by Ryan L. Broedlin, Esq.
Do you have a will that leaves specific items or lumpsum payments to certain members of your family or close friends? Or are you considering having a will drafted that does so? If so, you are not alone: specific and general bequests like these – gifts of specific property or lumpsum cash payments – are a common and well-intentioned part of estate plans. While seemingly harmless, we find that this type of drafting can wreak havoc on an estate plan in a number of different ways and confuse and defeat the best of intentions. To illustrate how this can happen, we’ll use the example of Mr. Smith.
Mr. Smith is a widower and the loving father of two children who now each have two of their own: three grandsons and one granddaughter, each of whom Mr. Smith loves and adores. A successful man, he has always intended that the bulk of whatever he may leave behind go to his children but after many wonderful years watching them grow up, he also wants to provide for his grandchildren. Rather than calling an attorney that specializes in estate planning, Mr. Smith goes to the attorney he recently used for the purchase of his new home. That attorney drafted – and Mr. Smith executed – a will that leaves his assets to his family as follows: $15,000 to each of his three grandsons; his old sports car valued at roughly $15,000 to the granddaughter (he had always bonded with her over love of that car; what better way to keep it in the family?); and residuary of the estate is left to his own children.
When Mr. Smith executed this will, it looked clear that there would be more than enough money for the gifts to his grandchildren to be made while leaving a substantial sum to the Mr. Smith’s own children. The intervening years, however, were a bit tough. Between home repairs, medical bills, and other unexpected costs, Mr. Smith’s once-hefty bank accounts were substantially depleted. Health issues also robbed him of the ability to drive that sports car he loved so much and it was eventually sold to help with the medical bills. All told, after costs of administration, Mr. Smith’s estate includes only $30,000 of cash to be distributed. Even though there is not enough to fully satisfy Mr. Smith’s intentions, surely everyone can at least get something, right? Wrong.
First, it is important to note that, under New Jersey, New York and Pennsylvania law, specific and general bequests must be satisfied before any residuary beneficiary can participate in a distribution from Mr. Smith’s estate. As a result, the $15,000 gifts to the grandsons and the gift of the sports car to the granddaughter get distributed before Mr. Smith’s own children take anything. While there is not enough to give each grandson a full $15,000, they do get to share in whatever is available on a pro rata basis, leaving each grandson with a cool $10,000; not Mr. Smith’s exact intention, but still pretty good. Then, the executor of his estate would simply hand the keys to the sportscar to Mr. Smith’s granddaughter, but wait: it’s gone and the money from its sale was spent long ago. At least some of the money that went to the grandsons can be diverted to the granddaughter, right? Wrong again. When the object of a specific bequest has been sold, destroyed, or otherwise disposed of, the gift will adeem and the intended beneficiary takes nothing (there are some exceptions to this rule, but none apply here). Finally, there is simply nothing left in the estate to distribute to Mr. Smith’s children so they too receive nothing.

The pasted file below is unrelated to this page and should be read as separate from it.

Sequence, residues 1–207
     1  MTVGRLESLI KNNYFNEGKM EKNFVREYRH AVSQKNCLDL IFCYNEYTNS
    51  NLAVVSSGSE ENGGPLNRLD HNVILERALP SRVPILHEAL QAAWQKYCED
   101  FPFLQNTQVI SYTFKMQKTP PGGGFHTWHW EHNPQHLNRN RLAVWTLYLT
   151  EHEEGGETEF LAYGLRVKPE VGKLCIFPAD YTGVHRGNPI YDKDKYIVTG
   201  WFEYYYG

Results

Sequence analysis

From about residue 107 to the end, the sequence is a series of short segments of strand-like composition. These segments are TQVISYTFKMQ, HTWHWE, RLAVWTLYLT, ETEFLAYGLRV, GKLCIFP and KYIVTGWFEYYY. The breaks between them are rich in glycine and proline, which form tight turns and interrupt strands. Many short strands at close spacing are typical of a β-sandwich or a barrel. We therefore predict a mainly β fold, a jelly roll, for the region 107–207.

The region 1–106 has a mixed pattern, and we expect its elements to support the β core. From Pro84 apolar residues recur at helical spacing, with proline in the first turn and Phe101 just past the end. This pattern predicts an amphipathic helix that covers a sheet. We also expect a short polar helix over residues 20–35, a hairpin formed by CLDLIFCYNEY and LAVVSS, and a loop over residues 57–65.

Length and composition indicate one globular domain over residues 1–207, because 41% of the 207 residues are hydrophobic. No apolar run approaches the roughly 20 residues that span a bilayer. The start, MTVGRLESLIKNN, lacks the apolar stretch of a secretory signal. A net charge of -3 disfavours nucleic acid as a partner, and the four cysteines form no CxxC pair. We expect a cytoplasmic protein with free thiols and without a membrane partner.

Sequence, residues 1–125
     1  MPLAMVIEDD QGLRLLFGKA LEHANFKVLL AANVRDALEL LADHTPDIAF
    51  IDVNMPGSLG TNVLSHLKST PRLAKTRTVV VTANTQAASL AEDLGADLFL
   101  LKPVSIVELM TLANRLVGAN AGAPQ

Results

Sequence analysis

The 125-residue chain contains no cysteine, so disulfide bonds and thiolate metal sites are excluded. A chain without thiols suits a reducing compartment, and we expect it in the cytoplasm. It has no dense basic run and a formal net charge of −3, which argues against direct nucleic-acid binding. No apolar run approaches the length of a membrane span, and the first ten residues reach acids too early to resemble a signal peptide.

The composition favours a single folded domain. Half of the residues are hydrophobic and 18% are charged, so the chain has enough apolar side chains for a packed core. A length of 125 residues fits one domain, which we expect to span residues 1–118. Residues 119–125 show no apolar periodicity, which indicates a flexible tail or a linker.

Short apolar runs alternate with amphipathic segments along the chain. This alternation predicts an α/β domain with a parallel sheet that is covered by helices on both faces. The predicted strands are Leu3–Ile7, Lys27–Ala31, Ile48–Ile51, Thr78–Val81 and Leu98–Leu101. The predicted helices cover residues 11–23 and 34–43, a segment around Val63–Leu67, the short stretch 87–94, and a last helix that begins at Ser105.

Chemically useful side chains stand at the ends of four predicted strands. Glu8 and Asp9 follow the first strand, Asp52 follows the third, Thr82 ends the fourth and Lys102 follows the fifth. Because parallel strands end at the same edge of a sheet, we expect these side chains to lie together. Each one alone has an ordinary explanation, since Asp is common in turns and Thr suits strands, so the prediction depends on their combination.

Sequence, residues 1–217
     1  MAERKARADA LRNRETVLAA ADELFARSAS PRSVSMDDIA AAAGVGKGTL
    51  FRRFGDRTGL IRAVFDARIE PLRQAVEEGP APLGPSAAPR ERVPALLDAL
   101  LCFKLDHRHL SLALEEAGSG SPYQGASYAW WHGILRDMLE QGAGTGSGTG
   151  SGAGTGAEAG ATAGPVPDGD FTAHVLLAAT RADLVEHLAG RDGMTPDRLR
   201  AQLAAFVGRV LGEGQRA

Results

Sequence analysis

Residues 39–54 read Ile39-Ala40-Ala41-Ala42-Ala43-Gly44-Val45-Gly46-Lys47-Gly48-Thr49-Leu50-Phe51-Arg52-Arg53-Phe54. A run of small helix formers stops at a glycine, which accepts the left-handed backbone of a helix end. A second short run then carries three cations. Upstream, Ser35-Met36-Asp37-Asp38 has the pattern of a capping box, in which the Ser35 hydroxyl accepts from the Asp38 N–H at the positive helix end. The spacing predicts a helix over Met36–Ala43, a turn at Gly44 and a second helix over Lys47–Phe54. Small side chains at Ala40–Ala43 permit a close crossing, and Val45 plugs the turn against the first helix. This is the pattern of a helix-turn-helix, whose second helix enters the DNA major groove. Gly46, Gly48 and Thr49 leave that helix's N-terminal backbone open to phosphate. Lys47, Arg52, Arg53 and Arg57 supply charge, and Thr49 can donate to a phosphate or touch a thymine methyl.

As you can see, the effect of the specific and general bequests to Mr. Smith’s grandchildren was to almost completely frustrate Mr. Smith’s intended plan. His children – who should have taken the bulk of his estate – get nothing, his grandsons get less than Mr. Smith had hoped, and his granddaughter – who Mr. Smith wanted to treat the same as his grandsons, also gets nothing due to the sale of the car.
This result could have been avoided with some very simple changes to Mr. Smith’s will. Indeed, had he consulted an experienced estate planning attorney, that attorney would likely have advised Mr. Smith of the pitfalls of gifting the cash and car the way he had hoped and to instead look at his estate as a pie that he could divvy up amongst his children and grandchildren in different sized pieces. For example, Mr. Smith could have assigned percentages to leave the biggest piece of the pie to his own children while giving smaller, but still meaningful, pieces to his grandchildren. In doing so, each of them would have received something from his estate – a far better result than what actually occurred. Additionally, had it still been around, the sports car could have been used to satisfy the gift to his granddaughter as an “in kind” distribution, thus ensuring that all of Mr. Smith’s intentions were fully met. At the very least, an individual that absolutely wants to make gifts of specific property in his or her will should revisit those documents often to 1) ensure that the specific items of property gifted are still in his or her possession and 2) review whether his or her estate will have the funds necessary to make sure the intended beneficiaries – usually the residuary beneficiaries – can take under the will.
Ultimately, this is a prime example of how not hiring an attorney that specializes in estate planning to prepare your last will and testament can have some tough consequences. If your will has any specific or general bequests that may need changing – or if you have been considering setting your will up like Mr. Smith’s – please call The Murray Firm, LLC at (908) 204-3477 to schedule a free consultation to discuss.
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